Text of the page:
VOLUME 12 DECEMBER 1995 NUMBER 12
Reflections on the Ford Museum AuctionBY JOHN V. TERREY
From Antique Radio Classified for December 1995
(Copyright 1995 by John V. Terrey - For personal use only.)
As everyone in the antique radio community knows by now, the Henry Ford Museum Radio Auction on October 7 and 8, 1995, in Dearborn, Michigan, was a unique - perhaps a once-in-a-lifetime - experience. Assembled there was such an abundance of early and rare items that even the most sophisticated collector had to be impressed.
I myself was overwhelmed by the quantity of rare and unusual items and, I have to admit, disappointed at not getting a fair proportion of what I wanted. And yes, I'm still in shock at the prices I found myself paying for some items!
This fact led to long thoughts about what this remarkable auction means to the future of antique radio collecting. The recurring question is, "Will the prices realized at the Ford now drive prices up to sustainable levels?" The answer cannot be a simple "yes" or "no" because this auction was certainly an aberration.
Special Factors. Why an aberration? Because the factors driving prices up may never again all be present in one place. First, the items were from a world-famous museum, and many collectors were there hoping to acquire something from this source. Second, many items had additional associative value; that is, they were from such sources as the RCA-George Clark Collection, the NBC Radio City Museum, and the Edison Institute, or they were contributed by McMurdo Silver, Magnavox, Alfred Goldsmith, and others. Third, there was a preponderance of both early and rare items, such as Marconi, DeForest, Electro Importing, and Hammond, as well as Federal, Cardwell, and Magnavox from the 1920s.
The fourth, and certainly not the least important factor was that preplanning was possible. It is not the usual thing to see all of the major U.S. collectors at one event with money in their pockets. They had come prepared to spend, and they did. Some even developed an altruistic side to their bidding - they wanted to keep the American pieces in the country. Add to this the strength of the international collecting community's bidding, and the frenzy built to unusual proportions.
All of these factors were at work, especially in regard to the early and rare items. Since for these there is no benchmark, we can't say whether or not the prices were high. What we can say is that the early, unique pieces have reached the status of true antiques and are beginning to be recognized as such.
Future Price Expectations. Should readers look at the prices realized at this auction and expect the same? I would say not for the commonly exchanged items, especially those listed in the price guides. But for those not in the price guides, the Ford Auction offered the first available prices, and they may go higher. At least this auction gives us an idea of the worth of rarely seen items.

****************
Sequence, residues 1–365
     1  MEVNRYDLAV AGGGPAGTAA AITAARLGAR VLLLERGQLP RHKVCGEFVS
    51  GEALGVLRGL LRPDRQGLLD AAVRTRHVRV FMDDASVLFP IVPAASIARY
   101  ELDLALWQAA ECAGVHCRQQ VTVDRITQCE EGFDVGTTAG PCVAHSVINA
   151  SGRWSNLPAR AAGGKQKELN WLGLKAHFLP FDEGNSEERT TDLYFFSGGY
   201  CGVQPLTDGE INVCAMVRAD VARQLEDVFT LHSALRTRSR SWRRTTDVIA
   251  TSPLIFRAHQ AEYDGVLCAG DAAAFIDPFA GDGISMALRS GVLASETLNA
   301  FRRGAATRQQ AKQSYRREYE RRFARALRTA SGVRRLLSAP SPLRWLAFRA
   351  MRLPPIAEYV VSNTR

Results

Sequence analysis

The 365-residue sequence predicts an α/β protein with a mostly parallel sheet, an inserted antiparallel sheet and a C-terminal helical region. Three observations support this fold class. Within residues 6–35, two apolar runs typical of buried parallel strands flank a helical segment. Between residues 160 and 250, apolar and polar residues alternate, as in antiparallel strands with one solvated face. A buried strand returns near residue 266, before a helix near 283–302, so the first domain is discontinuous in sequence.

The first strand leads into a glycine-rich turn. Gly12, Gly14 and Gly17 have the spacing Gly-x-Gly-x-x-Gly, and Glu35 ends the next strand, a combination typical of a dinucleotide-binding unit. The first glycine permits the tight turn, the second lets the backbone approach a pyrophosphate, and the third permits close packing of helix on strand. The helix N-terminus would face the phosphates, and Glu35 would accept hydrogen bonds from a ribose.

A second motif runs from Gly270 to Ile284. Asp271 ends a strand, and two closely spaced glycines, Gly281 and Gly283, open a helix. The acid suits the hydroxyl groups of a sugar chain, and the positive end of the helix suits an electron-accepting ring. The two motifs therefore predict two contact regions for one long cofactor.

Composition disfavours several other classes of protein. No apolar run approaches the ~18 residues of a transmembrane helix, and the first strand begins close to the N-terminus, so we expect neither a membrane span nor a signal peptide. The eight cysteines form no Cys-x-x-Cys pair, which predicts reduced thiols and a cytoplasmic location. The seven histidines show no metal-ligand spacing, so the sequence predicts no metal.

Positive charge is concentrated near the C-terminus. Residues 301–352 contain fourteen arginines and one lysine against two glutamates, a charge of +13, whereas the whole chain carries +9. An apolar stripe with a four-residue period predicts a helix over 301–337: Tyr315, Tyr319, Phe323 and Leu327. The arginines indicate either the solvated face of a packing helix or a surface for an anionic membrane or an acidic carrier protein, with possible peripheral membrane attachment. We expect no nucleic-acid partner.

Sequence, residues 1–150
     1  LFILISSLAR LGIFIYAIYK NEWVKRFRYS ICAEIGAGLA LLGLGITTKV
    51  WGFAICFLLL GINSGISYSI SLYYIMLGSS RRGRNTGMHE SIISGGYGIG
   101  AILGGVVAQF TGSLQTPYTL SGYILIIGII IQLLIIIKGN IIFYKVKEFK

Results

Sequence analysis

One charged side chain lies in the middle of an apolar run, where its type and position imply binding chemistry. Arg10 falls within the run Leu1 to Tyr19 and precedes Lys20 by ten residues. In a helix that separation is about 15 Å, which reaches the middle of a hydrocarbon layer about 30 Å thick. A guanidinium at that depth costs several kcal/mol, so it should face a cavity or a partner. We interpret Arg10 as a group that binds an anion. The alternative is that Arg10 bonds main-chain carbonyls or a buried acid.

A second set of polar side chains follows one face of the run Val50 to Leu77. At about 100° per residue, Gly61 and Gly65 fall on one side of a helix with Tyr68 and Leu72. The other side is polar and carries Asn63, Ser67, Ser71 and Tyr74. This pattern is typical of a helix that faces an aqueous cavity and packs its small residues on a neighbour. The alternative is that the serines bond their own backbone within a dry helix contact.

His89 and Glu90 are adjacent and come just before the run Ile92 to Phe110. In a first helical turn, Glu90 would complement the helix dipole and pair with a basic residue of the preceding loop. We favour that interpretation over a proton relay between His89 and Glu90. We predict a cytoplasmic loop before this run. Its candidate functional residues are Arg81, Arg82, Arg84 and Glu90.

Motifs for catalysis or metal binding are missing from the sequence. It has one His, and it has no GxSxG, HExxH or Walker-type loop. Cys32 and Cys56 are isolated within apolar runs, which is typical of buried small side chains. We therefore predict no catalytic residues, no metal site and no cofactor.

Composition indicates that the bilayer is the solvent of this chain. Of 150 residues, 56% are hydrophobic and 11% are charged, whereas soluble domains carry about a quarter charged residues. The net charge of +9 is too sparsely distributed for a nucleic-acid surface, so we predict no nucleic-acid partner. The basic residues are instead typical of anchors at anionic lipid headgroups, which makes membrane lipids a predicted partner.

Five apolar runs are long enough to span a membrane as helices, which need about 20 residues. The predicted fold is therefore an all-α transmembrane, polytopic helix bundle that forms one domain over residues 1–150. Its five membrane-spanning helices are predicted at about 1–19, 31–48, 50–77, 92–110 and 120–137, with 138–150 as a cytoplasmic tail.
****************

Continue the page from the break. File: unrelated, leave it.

The prices of common receivers presented a more confused picture. Of course, the variable factors that influenced the prices of the early and rare pieces had an effect on the prices of the more common items. A number of these sold at amounts comparable to the prices in Bunis' Collector's Guide to Antique Radios and to commonly seen prices by collectors. However, others sold at prices inconsistent with market value.
For example, a Radiola VIIB, which sold for $1,700, has been known to go for more; a Federal 61 with a damaged lid, listed in Bunis for $1,200, sold for $950; a Grebe CR-9 listed at $500 sold for $600, while a Grebe MU-1 listed at $225 sold for $700; a Radiola 26 listed at $350 sold for $1,500, while a Kennedy 110 listed at $1,100 sold for $2,250!
Of course, there were some factors present that may have - or should have - moderated prices. The most obvious one was that the condition of the majority of the equipment had been compromised in some way. The degree of compromise varied from missing knobs, parts, cabinets, etc., to the extreme of inappropriate refinishing for museum display purposes. The latter was done years ago before the current thinking that an item should be conserved authentically took hold.
(John Terrey, c/o A.R.C., Box 2, Carlisle, MA 01741)
John Terrey, an electrical engineer for 20 years and publisher/editor of A.R.C. for nine of its eleven years, has collected early wireless and broadcast receivers for over 30 years. He is also the proprietor of Old Tech Books & Things (for which he fully intends to publish a catalog one of these days). His wide collecting interests extend to electro-medical apparatus, analog keyboard synthesizers, and early mechanical calculators.